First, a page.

Friday 23 February 2018

Kidney's troops smothered by own inadequacy

David Kelly

David Kelly

It was in another, entirely poignant context, but Simon Zebo's post-match comments summed up the mood of a bleak afternoon in the Old Town when even the black stuff didn't seem enough to lift the spirits of a subdued population.

"Sports unpredictable!thats why we love it!injury is part and parcel!in gods hands now so all will be good!!thanks for the messages much love," he tweeted.

From unabashed heroism one week to grounded desperation the next, Zebo's luckless departure from a championship he had already so impressively illuminated mirrored Ireland's lurch from one wild extreme to another.

After the thrills of Cardiff, the spills of Dublin. Championship teams offer composure and clarity; Declan Kidney's class of '09 offered such elements in spades. They lacked both of these ingredients yesterday.

At the end of proceedings, they stood marooned in the gloaming, swamped by a deluge of their own inadequacies which rained down as persistently as the uninterrupted downpours.

Instead, it was Stuart Lancaster's belligerent English side whose well-marshalled intentions spoke so voluminously and, in their own way, offered a flattering comparison to their subjugated erstwhile Grand Slam winners.

Kidney's Ireland, whose inaccuracy littered yesterday's uninspiring yet compelling renewal of these fiercest of rivals, continue to confound in their maddening inconsistency.

If this were the game of the tightest of margins, then an Irish team wholly capable of operating towards the peak of its supposedly considerable powers, should have been able to effect the victory.

That they didn't raises all the familiar questions about just how convinced observers really should be in terms of this squad's ability to continually occupy the upper echelons of the game.

Presented with the opportunity, backed by clear momentum, to place England in mortal danger when James Haskell was binned, Ireland somehow managed to lose the sin-bin period 6-3.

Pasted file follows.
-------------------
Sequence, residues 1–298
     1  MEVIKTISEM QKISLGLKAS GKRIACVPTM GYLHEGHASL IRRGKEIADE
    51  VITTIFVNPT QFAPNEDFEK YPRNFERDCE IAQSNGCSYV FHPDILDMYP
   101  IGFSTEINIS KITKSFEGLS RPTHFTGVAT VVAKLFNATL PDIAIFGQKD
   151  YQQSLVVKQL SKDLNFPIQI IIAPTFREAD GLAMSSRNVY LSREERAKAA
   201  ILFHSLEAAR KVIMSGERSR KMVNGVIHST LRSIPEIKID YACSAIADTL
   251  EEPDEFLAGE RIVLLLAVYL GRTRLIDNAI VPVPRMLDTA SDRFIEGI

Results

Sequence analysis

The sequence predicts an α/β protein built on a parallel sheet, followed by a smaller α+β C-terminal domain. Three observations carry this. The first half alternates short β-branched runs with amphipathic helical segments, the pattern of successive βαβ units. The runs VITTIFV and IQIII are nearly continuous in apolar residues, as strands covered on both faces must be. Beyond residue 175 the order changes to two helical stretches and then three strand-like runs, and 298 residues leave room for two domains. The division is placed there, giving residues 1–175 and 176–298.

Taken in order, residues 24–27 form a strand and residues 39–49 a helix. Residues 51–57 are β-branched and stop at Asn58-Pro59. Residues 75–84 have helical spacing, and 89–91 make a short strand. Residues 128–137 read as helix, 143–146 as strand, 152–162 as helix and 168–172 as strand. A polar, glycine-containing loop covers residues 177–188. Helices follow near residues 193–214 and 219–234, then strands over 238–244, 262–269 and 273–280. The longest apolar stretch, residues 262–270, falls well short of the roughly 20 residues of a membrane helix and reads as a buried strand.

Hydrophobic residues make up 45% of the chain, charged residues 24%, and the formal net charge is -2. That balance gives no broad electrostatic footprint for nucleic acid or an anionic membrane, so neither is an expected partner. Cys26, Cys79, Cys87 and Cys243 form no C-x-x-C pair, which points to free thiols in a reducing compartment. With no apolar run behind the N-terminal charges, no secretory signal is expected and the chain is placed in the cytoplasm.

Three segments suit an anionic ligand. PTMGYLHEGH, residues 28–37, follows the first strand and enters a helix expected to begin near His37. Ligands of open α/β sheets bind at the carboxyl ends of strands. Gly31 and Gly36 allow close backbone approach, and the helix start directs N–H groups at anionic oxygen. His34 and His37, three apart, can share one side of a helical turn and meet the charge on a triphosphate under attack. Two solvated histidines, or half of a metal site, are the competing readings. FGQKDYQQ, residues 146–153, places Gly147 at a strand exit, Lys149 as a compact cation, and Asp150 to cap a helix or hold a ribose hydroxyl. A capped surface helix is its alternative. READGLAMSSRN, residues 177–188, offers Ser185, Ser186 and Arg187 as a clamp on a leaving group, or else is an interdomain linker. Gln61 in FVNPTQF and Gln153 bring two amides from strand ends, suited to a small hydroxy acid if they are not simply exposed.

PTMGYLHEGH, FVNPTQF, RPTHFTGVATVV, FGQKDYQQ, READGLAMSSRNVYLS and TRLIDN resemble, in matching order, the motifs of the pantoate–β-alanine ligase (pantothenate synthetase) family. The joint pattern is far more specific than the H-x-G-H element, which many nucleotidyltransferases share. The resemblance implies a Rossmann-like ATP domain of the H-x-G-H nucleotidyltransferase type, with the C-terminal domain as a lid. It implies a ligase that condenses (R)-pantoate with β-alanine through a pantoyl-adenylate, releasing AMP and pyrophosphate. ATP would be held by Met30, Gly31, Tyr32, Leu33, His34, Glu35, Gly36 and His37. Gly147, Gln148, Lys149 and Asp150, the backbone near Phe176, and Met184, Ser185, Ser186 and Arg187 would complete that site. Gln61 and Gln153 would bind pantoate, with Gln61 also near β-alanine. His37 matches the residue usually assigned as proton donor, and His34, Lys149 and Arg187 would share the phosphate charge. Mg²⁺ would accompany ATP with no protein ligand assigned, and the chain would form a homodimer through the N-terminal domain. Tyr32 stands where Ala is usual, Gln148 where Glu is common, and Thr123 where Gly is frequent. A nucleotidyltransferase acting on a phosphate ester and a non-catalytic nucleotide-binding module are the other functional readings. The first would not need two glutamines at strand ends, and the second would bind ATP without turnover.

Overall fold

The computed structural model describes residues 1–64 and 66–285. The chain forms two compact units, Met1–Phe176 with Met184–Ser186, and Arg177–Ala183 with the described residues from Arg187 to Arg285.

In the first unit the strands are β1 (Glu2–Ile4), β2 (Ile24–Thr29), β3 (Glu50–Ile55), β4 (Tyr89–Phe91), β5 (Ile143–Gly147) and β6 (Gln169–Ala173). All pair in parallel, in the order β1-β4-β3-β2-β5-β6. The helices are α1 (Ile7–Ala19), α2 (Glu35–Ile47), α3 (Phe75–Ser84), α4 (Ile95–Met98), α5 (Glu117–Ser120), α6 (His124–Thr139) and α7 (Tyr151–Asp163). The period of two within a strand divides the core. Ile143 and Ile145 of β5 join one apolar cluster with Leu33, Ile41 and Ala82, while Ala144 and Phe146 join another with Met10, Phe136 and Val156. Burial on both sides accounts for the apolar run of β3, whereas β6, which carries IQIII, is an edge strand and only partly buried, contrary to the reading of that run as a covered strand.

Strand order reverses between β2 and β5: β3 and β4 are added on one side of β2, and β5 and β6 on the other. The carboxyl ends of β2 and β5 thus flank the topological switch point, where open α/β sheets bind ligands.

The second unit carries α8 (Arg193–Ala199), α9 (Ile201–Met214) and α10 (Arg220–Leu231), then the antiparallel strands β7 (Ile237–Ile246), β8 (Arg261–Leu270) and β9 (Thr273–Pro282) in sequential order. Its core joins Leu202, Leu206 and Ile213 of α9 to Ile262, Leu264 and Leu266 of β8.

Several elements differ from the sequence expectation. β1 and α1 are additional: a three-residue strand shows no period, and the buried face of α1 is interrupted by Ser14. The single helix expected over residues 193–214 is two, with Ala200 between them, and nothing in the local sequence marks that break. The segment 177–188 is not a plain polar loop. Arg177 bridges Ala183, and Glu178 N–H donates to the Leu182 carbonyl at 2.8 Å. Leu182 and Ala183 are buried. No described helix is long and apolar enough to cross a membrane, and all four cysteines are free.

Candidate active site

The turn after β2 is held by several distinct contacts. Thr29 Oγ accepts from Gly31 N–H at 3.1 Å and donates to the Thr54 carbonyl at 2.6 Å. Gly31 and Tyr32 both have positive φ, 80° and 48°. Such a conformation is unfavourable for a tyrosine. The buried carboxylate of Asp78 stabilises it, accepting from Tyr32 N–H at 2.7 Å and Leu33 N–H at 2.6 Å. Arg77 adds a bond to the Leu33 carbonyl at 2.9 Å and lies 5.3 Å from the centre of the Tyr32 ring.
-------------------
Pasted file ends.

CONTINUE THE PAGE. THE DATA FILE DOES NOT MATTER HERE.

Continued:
It is indicative of Ireland under Kidney since the Grand Slam; seemingly primed to deliver something a little more substantial than what they ultimately achieve.

Instead it was England, with dominant half-backs led by the inestimably cool Owen Farrell, who responded to the most severe questioning to slowly trundle towards the finishing line.

Ireland just fumbled. In the end, they didn't have any answers. This was never going to be a beauty contest; we just didn't expect Ireland to be so ugly.

When Ronan O'Gara missed that final penalty chance, one longed for the memory of a side who would have insisted on using one of their truly functioning weapons – the maul – in an attempt to score the try that never looked like arriving from any other route.

Sadly, as Brian O'Driscoll and Sean O'Brien hobbled from ruck to ruck and even the great man succumbed to the malaise of dropping simple balls, it was evident that England were looking more like title winners than Ireland.

True, the championship remains undecided, but surely now England's title claims are incontestable; of more concern are Ireland's chances of beating Scotland away without Jonny Sexton, Zebo and the potentially disciplined Cian Healy.

"It is not a significant setback at all," countered Rob Kearney, more effectively than he did on the field during a worryingly subdued display when his opposite man comprehensively out-punched him.